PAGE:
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Intention to the front, please

Intention: A thing intended, an aim, plan or goal. Of course, a goal or a plan always denotes a destination, somewhere you intend to get – somewhere your focus is.

In the Martial Arts this is a vital concept. How do we turn out intention physiological? How do we reach a place in Kata and in Kumite where intention is the horse before the cart, the catalyst for the technique?

My initial understanding of intention was over simplified: I intend to destroy my opponent; I intend to throw an oi-zuki/gyaku-tsuki combination; I intend to do a sharp and fast Jitte. This is more of a plan, and having a mental plan in karate often costs you time and restricts your defenses, i.e., you think too much.

IntentionIntention I now believe, is giving constant direction to your energy (how many times did Nishiyama Sensei state that!), and that overall energy is forward – always. As Sensei Power puts it, even at the end of a technique in Kata or Kumite, there is a ‘pressure’ forward, an overall feeling of Zanshin or continued awareness, which is the fire in your belly and the alertness in your body for the next move. All the while your center (Hara) dissecting your opponent like a laser beam.

Yesterday in the dojo we looked at intention and Go No Sen, and Sensei Power reminded me that even while shifting back to receive the attack, your intention is going forward. The energy is recycled through your body and physically sent forward again in the counter.

Maintaining intention eliminates dead time in Kumite and quells subtle stops and starts in Kata.

Sounds easy enough, but doing it…well, that’s a different thing!

Mokuso: “A Moment of Presence”

Frequently lately I am blessed with the opportunity to play music with a gentleman named Adrian (as well as a number of other extremely talented friends). I primarily play stringed instruments like guitar and mandolin while Adrian plays whatever is within his reach: guitar, mandolin, harmonica, banjo, and the list goes on.

Listening carefully to Adrian (I often do, even as I’m playing along with him), I admire that not only does he play an amazing arrangement of notes in a song, he hits the notes with precise timing.

The space between his notes is musical beauty.

Recently, on the Karate front, I’ve been pondering Mokuso, roughly translated as ‘meditation’, but much more than that I’ve found. As I often do, I posed my thoughts and an inquiry about Mokuso to a karate Sensei that I consider a very learned resource and one always willing to share his thoughts on a topic.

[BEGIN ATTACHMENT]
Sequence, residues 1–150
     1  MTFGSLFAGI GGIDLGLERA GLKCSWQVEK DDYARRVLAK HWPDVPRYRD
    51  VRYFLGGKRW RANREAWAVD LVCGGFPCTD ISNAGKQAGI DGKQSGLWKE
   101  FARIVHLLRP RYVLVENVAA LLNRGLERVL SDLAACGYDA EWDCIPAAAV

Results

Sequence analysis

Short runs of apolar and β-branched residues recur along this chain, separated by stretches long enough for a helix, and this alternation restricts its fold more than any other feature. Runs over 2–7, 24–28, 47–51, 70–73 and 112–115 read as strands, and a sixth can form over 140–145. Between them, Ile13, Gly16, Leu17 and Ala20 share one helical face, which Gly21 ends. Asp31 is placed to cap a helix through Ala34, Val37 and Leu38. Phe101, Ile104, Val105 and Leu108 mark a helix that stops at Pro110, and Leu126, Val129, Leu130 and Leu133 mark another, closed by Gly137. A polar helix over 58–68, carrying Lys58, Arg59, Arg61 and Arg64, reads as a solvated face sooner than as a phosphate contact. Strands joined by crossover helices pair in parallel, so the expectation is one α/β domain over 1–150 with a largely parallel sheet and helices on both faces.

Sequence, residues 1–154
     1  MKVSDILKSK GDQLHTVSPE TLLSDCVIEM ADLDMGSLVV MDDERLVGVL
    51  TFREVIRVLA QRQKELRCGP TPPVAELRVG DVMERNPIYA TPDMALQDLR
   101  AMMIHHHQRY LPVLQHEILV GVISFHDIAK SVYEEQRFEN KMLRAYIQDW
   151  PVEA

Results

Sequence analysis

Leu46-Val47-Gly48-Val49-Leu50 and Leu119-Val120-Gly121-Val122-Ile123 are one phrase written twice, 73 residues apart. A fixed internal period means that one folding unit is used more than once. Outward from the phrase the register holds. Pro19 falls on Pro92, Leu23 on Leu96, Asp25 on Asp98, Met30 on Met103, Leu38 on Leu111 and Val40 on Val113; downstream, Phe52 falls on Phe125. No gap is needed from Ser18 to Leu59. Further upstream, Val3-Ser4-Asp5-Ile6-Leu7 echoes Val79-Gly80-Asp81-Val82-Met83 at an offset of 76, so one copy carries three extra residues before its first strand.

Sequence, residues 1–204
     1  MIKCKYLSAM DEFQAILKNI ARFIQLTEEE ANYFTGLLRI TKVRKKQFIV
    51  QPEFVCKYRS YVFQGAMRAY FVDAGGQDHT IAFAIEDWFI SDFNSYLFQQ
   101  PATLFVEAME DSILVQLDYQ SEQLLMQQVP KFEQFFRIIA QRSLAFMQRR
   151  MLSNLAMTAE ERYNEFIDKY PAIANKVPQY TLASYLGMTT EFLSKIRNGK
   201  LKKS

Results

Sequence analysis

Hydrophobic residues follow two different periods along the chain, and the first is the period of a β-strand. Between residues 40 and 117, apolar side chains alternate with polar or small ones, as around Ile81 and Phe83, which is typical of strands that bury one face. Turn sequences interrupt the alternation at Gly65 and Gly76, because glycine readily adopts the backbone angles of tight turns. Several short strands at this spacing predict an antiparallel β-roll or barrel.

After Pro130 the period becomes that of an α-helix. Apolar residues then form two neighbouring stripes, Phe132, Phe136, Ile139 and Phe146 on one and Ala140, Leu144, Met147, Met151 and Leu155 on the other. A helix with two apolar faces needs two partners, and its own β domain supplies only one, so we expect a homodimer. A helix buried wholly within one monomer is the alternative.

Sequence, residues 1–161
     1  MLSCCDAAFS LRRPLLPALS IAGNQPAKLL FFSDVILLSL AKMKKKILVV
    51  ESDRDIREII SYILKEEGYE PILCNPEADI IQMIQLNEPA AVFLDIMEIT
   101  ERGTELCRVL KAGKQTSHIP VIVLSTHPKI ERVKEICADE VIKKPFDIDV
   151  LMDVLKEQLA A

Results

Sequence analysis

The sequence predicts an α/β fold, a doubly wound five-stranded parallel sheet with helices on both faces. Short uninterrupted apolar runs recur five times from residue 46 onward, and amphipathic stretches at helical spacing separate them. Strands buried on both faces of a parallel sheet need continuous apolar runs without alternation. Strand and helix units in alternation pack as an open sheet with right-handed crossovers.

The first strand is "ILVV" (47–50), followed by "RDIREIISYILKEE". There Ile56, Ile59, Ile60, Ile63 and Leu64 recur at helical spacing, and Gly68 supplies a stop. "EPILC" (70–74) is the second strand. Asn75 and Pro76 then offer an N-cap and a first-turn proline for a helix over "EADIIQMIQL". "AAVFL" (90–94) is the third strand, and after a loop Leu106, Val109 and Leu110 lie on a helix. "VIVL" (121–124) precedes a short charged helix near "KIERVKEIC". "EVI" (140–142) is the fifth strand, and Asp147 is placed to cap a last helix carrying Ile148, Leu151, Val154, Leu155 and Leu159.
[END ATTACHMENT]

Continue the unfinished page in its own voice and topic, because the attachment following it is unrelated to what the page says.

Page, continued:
On Mokuso, this is part of the superb exchange I had with Sensei Toru Shimoji:

Most of us, including me (!) suffer from busy and chatty mind that runs like a hamster on a wheel. I’ve been working hard to take time throughout the day to simply breathe and enjoy the space between my thoughts. It was fleeting at first, if not accidental, that I would find myself there. Typically, thoughts are closely hooked to the past and future, pulling and projecting, as you argue, judge, plan, worry, etc. and etc. It becomes a routine, a pattern. Mokuso can help you break this habit, with deep silent breath opening a space between the thoughts. Once there, the moment of presence is blissful. Like a child, you will repeat pleasurable experience, so the idea of Mokuso is not work, but rather returning to a state we once had.

Mokuso then is using the breath – breathing deeply – as a means to clear the mind without trying to do so, to get to a place where we enjoy the “space between our thoughts” – stillness. A conscious attempt to try and clear your mind simply creates more mind traffic, but sitting quietly and doing nothing but breathing reaps the benefit of a clear mind. Simply breathing and perceiving the stillness allows you to have an open mind to experience the class and absorb the instruction.

One day I’d like to get Adrian and my musical friends as well as Sensei Shimoji in the same room: two seemingly different authorities on the very significant concept of the space between – both of whom have a lot to teach me!

Tuidi – Okinawan Karate Tools

If you’re going to master Kumite, you’d better know how to fight inside and out.

Growing up in a small outport, when the spring ice started breaking up and got too ‘slobby’ to go ice panning on, we were constantly reminded: ‘Mind yourself around the ice! Keep your distance!’ Otherwise meaning stay off the ice for fear of mother’s wrath!

In Karate, keeping your distance is fundamental to the Art – Maai, or engagement distance as Jesse Enkamp refers to it, is fundamental in competitive Karate.  Staying right on the peripheral edge of where you need to be to engage your opponent is critical. Stray slightly inside this edge and you’re in the combat zone; slip slightly outside this edge and you limit your attack possibilities. A concept from Kendo, correct Maai is life or death – no different than engaging a knife attacker.

TuidiHaving said that, enter Tuidi, an Okinawan term for fighting techniques used in close. We Shotokan people never want anyone to get too close to us or to grab us in an altercation, but in case someone does, you have to have a few tools in your toolbox. After all, if we look at Kata, every move is an engagement move: attacks and destructive defenses, the stuff that happens when you cross the invisible combat line.

Seizing someone’s neck, an arm lock and break, or dislocating an opponent’s shoulder aren’t pretty, but neither is losing a real battle. We need to get to know our Tuidi.

Once again, Karate imitates life: fundamentally most important is what happens on the inside.

Karate Infusions…Feed the Pond

I recall a time when the Dojo I was in had 50 participants, and the seminars and competitions on the weekends (there was one somewhere in NL nearly every weekend) had hundreds of participants. I grew up in a very small rural town and yet there were a dozen young guys my age doing karate. It was the thing to do.

What happened?